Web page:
Classics News

26 May 2015: Code-switching in the medieval classroom

Prof. Michael Clarke will present on "Language and identity in manuscript colophons" at an international conference, Code-switching in the Medieval Classroom, to be held in Utrecht on 29 May 2015.

29 Apr 2015: Manuscripts Between Languages workshop

Prof. Michael Clarke is co-organiser of a special "Manuscripts Between Languages" workshop to be hosted in Cambridge over 7–8 May 2015. The workshop will bring together specialists in Latin, Greek, Celtic, Germanic, Arabic, Turkic, Indian, and east Asian languages to consider common patterns of linguistic and cultural interactions. Download poster.

28 Apr 2015: Two seminars on Latin lexicography

Venue (both events): NUI Galway, Hardiman Building, room G010

  • Thursday 30 April, 5.00pm (Digital Scholarship Seminar)

Franck Cinato, Centre national de la recherche scientifique (CNRS), Paris

‘Collaborative digital editing: experience from the Liber Glossarum project’

  • Friday 1 May 2015, 3.00pm

Franck Cinato, Centre national de la recherche scientifique (CNRS), Paris

‘New insights into the meta-grammatical vocabulary list Grammaticae artis nomina Graece et Latine notata: Origin and use of a Greek word list relating to the practice of grammar’.

Silvia Gorla, Università di Udine

‘The Physiologus inside the Liber glossarum’

17 Apr 2015: Report on a research trip

Nice report by our MA student Gary Haverty on a recent research trip to the World Museum, Liverpool. (Read "Galway" for "Galloway", of course!) A visit to the World Museum, organics department.

16 March 2015: more Classics events

  • Tuesday 24 March 2015, 6.30 p.m.

Classical Association of Ireland: relaunch of Galway branch

Dr Pádraic Moran (NUI Galway): "The survival of Greek learning in early medieval Ireland", Hardiman Building G010

  • Thursday 26 March

2015 Margaret Heavey Memorial Lecture

Dr Roman Roth (University of Cape Town): "Towns and territories in Roman Italy" Joseph Larmor Theatre, Arts & Sciences (Concourse) Building

  • Friday 27 March 2015, 2pm

Classics Research Seminar, Dr Roman Roth (University of Cape Town): "Regionalism in Republican Italy: a ceramic perspective" AC213

  • Tuesday 14 April 2015 12pm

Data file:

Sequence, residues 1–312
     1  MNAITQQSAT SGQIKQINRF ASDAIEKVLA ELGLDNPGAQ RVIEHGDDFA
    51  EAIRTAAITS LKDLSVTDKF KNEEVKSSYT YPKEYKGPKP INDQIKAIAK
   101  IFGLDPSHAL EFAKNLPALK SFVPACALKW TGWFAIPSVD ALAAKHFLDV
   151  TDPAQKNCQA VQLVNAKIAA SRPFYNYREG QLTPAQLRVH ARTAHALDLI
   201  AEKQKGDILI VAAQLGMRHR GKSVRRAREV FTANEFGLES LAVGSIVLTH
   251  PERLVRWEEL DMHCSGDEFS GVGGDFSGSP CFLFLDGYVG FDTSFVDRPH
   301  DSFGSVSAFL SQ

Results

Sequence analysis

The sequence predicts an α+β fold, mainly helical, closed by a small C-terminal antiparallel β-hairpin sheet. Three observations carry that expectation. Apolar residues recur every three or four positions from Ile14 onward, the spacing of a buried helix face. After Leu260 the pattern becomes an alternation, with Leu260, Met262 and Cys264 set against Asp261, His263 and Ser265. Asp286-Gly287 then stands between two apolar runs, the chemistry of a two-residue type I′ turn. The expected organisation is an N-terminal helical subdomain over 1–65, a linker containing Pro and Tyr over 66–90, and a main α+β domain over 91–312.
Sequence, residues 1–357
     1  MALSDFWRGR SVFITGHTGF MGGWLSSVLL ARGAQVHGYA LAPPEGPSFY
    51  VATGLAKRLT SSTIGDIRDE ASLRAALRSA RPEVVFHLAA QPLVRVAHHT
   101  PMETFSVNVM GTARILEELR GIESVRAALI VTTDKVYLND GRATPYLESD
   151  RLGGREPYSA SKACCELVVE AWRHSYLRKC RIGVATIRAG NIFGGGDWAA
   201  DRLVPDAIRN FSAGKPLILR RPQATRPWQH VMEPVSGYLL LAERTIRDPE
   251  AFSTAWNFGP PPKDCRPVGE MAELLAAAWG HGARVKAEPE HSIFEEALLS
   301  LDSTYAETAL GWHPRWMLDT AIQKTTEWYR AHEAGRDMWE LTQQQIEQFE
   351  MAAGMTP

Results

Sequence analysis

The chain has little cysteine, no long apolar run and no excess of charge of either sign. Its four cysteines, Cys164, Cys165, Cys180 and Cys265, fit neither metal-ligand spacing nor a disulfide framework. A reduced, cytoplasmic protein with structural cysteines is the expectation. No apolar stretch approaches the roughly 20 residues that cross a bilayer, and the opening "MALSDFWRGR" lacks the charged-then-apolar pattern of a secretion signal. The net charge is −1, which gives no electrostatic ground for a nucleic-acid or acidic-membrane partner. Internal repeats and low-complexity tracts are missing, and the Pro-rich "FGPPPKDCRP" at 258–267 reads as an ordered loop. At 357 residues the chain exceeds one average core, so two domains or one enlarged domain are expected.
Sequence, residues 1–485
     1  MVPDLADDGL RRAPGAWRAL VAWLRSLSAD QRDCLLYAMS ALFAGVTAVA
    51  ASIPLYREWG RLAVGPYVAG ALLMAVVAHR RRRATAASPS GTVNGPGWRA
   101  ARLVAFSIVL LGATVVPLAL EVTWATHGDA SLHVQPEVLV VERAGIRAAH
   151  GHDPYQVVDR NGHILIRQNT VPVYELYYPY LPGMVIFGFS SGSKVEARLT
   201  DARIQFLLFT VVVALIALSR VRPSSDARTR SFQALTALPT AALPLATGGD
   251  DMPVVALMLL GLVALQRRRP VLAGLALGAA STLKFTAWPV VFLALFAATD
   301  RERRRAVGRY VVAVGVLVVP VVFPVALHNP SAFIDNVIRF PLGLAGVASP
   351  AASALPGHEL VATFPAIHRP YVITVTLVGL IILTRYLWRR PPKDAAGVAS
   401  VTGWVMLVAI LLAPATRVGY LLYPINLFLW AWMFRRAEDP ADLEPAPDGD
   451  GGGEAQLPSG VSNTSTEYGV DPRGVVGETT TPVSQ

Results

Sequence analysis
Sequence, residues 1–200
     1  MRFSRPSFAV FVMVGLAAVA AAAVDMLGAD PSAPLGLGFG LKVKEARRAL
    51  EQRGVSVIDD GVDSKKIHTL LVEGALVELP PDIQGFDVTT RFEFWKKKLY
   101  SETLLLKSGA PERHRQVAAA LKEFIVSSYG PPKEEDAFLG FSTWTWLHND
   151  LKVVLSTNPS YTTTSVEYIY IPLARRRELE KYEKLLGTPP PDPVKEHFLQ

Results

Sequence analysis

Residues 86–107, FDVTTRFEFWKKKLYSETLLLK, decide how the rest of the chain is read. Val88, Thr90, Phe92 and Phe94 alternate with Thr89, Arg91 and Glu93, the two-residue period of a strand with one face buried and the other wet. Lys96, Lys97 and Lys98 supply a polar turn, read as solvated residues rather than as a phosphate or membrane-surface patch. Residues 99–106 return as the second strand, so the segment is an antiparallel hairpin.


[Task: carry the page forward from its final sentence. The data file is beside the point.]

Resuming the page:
Digital Scholarship Seminar

Dr Gabriel Bodard (King's College London): "Standards for Networking Ancient Prosopographies: Data and Relations in Greco-Roman Names (SNAP:DRGN)"

  • Thursday 30 April 2015, 5 - 6pm

Digital Scholarship Seminar

Dr Franck Cinato (Centre national de la recherche scientifique, Paris): "Collaborative Digital Editing: Experience from the Liber Glossarum Project"

Academic Year 2014 - 15

Febraury 2014 Lots of great Classics events ...

NUI Galway's Classics Society is pleased to announce the following talks. (All in the Siobhán McKenna Theatre/Arts Millennium Building, 6.30–7.30pm, with reception afterwards.)

Monday, February 16th
Dr Carrie Murray, Brock University, "Worship at a Crossroads of the Mediterranean: Recent fieldwork at the Lago di Venere sanctuary site on Pantelleria".

Tuesday, February 24th
Dr Siobhan Hargis, UCD, "Remembering Republican Rome?-the creation and manipulation of history in the ancient city"

Tuesday, March 3rd
Dr David Woods, UCC, "The Christianization of Roman Coinage"

We are also delighted to see that Dr Eoghan Moloney (Maynooth) and Dr Shane Wallace (TCD) have launched a new resource for Classics Events in Ireland.

19 Jan 2014: Quiggin Lecture, University of Cambridge

E. G. Quiggin Lecture The sixteenth E.C. Quiggin Memorial Lecture, which was given by Mark Stansbury, was launched in the Department of Anglo-Saxon Norse and Celtic of the University of Cambridge on 4 December 2014. Entitled Iona Scribes and the Rhetoric of Legibility, the lecture examines the role of scribes in both writing and composing Latin, focusing on the Life of Columba and its oldest manuscript, Schaffhausen, Stadtbibliothek, Generalia 1. The lecture looks at the kinds of evidence that manuscripts can offer and argues that the choice of layout and script described by Malcolm Parkes as the ‘grammar of legibility’ can also be seen from a rhetorical point of view as scribes actively create meaning rather than simply transmitting it. The text of the lecture and appendix are available on